The administration rejects accusations that it has moved too slowly, or that Ukraine is not getting the weapons it needs. It also points to military training carried out over the past several years by the United States and other allies that is now bearing fruit on the battlefield.

“Armchair generals keep searching for some magical weapon that would be the difference maker, when the actual difference maker is staring them in the face — it’s the thousands of weapons of all sorts we have already delivered, which have kept the Ukrainians in the fight, sent the Russians into retreat, and ultimately will lead to Putin’s failure,” said a U.S. official, who was not authorized to speak on the record.

Marc Polymeropoulos, who once oversaw clandestine operations in Russia and Europe for the CIA, said it was not realistic to provide Ukraine with everything it has asked for.

“Instead, we should be giving them what they actually require, based on the needs-based assessments of professional CIA and special operations officers who presumably maintain routine contact with their Ukrainian counterparts,” he said.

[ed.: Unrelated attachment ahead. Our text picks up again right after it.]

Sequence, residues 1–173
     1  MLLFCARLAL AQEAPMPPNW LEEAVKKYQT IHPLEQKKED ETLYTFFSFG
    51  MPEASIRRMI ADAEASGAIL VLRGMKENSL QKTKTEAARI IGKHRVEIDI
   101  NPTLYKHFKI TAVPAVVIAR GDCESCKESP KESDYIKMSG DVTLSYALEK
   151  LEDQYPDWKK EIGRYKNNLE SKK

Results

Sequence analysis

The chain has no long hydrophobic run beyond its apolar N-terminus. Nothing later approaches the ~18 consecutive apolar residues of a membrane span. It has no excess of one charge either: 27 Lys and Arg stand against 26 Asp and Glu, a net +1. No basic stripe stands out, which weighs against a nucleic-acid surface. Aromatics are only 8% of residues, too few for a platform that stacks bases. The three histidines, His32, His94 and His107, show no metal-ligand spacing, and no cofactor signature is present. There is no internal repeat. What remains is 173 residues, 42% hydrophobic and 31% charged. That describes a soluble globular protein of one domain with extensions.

Polymeropoulos said the Biden administration’s caution has been frustrating at times, particularly amid reports of debates at the White House National Security Council over legal objections to various courses of action.

“It’s always nasty to see how the sausage is made, but ultimately it comes out tasting pretty good,” he said. “The administration was initially overly cautious over unfounded fears of escalation, but after pressure from the Hill, and in particular events on the ground, ultimately we wound up doing the right thing.”

U.S. Will Give Ukraine $500 Million In Budget Aid

The U.S. will provide $500 million in budgetary assistance to Ukraine, President Biden told Ukrainian President Volodymyr Zelensky on a call on Wednesday.

Biden and Zelensky spoke over the phone for nearly an hour. The two talked about U.S. efforts to provide military, economic and humanitarian assistance, according to a White House readout.